The rest happened in a rush: early Easter morning, volunteers arrived with the truck and worked double-time to set up tables and tents, grills and food, face-painting stations, a petting zoo, the ponies for rides and the food wagon. And, of course, to pave the park with thousands and thousands of eggs. Before their breathless tasks were finished, the kids had begun to arrive.
“It’s a long day!” Bibeau said. Why does he do it? “To see how many families and children we impact, to give them a safe, fun environment to go enjoy Easter—just have a blast and run around.”
Running around is the name of the game, without a doubt. When the 2018 Giant Easter Egg Hunt began, the central lawn at Coachman Park, near the Clearwater Marina, was thickly blanketed by thousands of brightly colored Easter eggs and bordered by almost 8,500 eager treasure hunters in spring colors. The vibrating, fidgeting youngsters, released by the GO! signal at 12:30 p.m. sharp, swarmed onto the field, zigzagging and snatching eggs as they ran. Within a few minutes the kids had harvested about 30,000 goodie-stuffed plastic eggs and the lawn was green again, as if a large vacuum cleaner had swept it clean.
Fashions with Flair—Role Models at High Tea
Slightly detoured but unstopped by Hurricane Irma, indefatigable CCV volunteers produced their second major annual event of 2017, Fashions with Flair, in the Fort Harrison Auditorium on October 8. The event included a silent auction, a high tea that inspired fancy hats and dress and ramp modeling. “We invite women who are not models, but each notable in her own right,” said CCV Chairperson Joanie Sigal.
“We invite women who are not models, but each notable in her own right.”
Joanie Sigal, CCV Chairperson
In past years Fashions with Flair has benefited an assortment of children’s charities. At this, its 15th annual fashion show, CCV raised funds for the Lealman Police Athletic League (PAL) and Winter Wonderland.
This year Daniela Nessen of CCV managed the silent auction that is a popular feature of the fashion show. A Dunedin mother of two and office manager for a local company, she said that the Fashions with Flair auction alone involves months of work gathering donations, then cataloging and presenting items and services to be auctioned off—items ranging from Disney World and Sea World tickets to a piano or a diamond, to artist/artisan items like paintings, pottery or scarves.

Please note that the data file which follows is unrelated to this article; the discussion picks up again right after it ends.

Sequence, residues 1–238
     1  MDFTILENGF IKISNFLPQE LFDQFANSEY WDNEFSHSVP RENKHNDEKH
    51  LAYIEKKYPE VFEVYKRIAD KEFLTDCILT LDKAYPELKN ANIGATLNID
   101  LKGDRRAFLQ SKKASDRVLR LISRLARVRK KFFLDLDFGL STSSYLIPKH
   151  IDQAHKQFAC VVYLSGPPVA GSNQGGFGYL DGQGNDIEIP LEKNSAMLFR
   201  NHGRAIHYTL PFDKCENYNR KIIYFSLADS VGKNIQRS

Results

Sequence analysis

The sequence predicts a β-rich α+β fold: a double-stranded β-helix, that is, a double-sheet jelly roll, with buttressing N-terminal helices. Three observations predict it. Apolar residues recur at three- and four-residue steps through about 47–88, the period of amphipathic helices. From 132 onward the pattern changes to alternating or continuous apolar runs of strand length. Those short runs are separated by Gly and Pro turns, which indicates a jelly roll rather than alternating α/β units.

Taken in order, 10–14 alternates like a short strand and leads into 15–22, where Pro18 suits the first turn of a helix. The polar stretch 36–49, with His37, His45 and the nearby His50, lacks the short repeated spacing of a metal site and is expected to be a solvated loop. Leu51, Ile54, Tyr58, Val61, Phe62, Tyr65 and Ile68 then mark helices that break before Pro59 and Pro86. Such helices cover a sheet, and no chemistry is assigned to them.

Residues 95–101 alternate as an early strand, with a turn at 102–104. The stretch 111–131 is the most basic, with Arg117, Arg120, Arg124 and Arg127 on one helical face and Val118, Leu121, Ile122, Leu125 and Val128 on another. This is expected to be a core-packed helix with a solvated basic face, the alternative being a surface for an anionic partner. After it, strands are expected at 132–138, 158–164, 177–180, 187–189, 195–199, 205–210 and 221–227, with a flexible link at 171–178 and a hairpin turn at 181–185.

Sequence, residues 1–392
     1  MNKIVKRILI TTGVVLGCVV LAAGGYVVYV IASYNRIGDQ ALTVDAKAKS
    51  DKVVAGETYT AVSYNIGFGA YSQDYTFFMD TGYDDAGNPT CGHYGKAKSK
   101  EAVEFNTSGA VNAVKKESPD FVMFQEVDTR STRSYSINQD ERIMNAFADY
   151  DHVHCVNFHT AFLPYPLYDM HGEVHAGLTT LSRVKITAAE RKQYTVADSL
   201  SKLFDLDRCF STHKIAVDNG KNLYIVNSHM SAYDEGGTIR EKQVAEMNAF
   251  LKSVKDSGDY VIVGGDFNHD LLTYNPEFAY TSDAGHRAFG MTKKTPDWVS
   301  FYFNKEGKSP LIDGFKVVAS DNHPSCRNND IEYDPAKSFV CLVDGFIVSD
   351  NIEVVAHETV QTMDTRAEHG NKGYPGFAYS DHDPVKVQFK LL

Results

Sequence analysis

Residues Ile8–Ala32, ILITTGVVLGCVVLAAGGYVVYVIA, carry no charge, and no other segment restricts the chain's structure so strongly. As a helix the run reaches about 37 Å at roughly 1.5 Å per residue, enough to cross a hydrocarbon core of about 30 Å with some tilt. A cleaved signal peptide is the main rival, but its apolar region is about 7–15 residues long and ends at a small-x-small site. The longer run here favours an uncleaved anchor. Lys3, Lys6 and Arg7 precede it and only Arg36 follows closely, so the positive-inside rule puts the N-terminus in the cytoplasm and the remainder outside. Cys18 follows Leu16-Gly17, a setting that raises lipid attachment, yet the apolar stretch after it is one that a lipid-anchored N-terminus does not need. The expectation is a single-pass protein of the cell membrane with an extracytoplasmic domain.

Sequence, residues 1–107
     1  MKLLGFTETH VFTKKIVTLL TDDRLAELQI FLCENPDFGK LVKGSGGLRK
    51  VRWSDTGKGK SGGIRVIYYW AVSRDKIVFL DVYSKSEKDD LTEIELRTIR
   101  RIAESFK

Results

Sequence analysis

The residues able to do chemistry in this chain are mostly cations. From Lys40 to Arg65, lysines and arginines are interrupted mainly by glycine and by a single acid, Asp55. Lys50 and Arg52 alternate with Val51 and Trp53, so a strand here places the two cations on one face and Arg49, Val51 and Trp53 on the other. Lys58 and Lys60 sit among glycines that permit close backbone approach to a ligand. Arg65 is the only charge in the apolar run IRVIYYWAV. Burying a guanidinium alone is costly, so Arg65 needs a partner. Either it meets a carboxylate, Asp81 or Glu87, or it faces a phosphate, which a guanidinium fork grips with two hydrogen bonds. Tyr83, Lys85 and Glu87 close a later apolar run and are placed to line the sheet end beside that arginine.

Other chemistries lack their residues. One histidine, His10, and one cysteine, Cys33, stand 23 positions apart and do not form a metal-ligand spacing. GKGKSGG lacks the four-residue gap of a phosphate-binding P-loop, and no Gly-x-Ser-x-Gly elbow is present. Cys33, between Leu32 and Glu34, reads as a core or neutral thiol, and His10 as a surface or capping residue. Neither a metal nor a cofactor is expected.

Nessen volunteers with CCV because the work permits her children to be with her and help out as well. And because of CCV’s purpose, “If you can do good for the next generations, you benefit from it eventually, because they make good decisions, they become good leaders, they can think for themselves.”
Winter Wonderland— Building the North Pole Village
Going back in time, early on Saturday, November 4, 2017, at a warehouse on MLK Jr. Avenue, it’s “load-in weekend.” The third and final event put on by CCV for the year, they are preparing for the grand finale—Clearwater’s 25th annual Winter Wonderland. About a dozen volunteers are working quickly in the cool morning air, hefting and forklifting crates, slabs of wood and sections of structure out of the warehouse onto trucks, trailers, flatbeds—to be hauled to Osceola Courtyard at Fort Harrison Avenue and Drew Street for unloading.
“If you can do good for the next generations, you benefit from it eventually, because they make good decisions, they become good leaders, they can think for themselves.”
Daniela Nessen, CCV
A bright yellow Hummer with a trailer pulls up in front of the barn-like door; Clearwater resident Bob Kenne has arrived to pick up a load. He says Winter Wonderland is his favorite annual event, and his folksy twang is a good disguise for his secret identity: Santa Claus.